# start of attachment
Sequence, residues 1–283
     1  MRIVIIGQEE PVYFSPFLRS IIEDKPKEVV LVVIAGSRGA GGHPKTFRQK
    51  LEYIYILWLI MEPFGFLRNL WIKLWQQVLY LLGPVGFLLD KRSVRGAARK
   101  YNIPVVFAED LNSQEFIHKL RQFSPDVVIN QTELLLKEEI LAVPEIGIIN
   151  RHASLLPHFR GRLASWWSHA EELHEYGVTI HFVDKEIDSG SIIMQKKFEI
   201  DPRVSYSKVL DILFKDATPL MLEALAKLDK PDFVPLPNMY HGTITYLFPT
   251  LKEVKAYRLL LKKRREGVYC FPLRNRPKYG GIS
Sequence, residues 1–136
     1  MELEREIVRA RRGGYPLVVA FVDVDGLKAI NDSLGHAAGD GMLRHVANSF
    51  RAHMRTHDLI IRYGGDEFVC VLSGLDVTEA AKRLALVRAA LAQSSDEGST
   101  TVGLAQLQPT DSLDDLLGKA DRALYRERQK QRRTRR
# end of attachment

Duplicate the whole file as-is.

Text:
Sequence, residues 1–283
     1  MRIVIIGQEE PVYFSPFLRS IIEDKPKEVV LVVIAGSRGA GGHPKTFRQK
    51  LEYIYILWLI MEPFGFLRNL WIKLWQQVLY LLGPVGFLLD KRSVRGAARK
   101  YNIPVVFAED LNSQEFIHKL RQFSPDVVIN QTELLLKEEI LAVPEIGIIN
   151  RHASLLPHFR GRLASWWSHA EELHEYGVTI HFVDKEIDSG SIIMQKKFEI
   201  DPRVSYSKVL DILFKDATPL MLEALAKLDK PDFVPLPNMY HGTITYLFPT
   251  LKEVKAYRLL LKKRREGVYC FPLRNRPKYG GIS
Sequence, residues 1–136
     1  MELEREIVRA RRGGYPLVVA FVDVDGLKAI NDSLGHAAGD GMLRHVANSF
    51  RAHMRTHDLI IRYGGDEFVC VLSGLDVTEA AKRLALVRAA LAQSSDEGST
   101  TVGLAQLQPT DSLDDLLGKA DRALYRERQK QRRTRR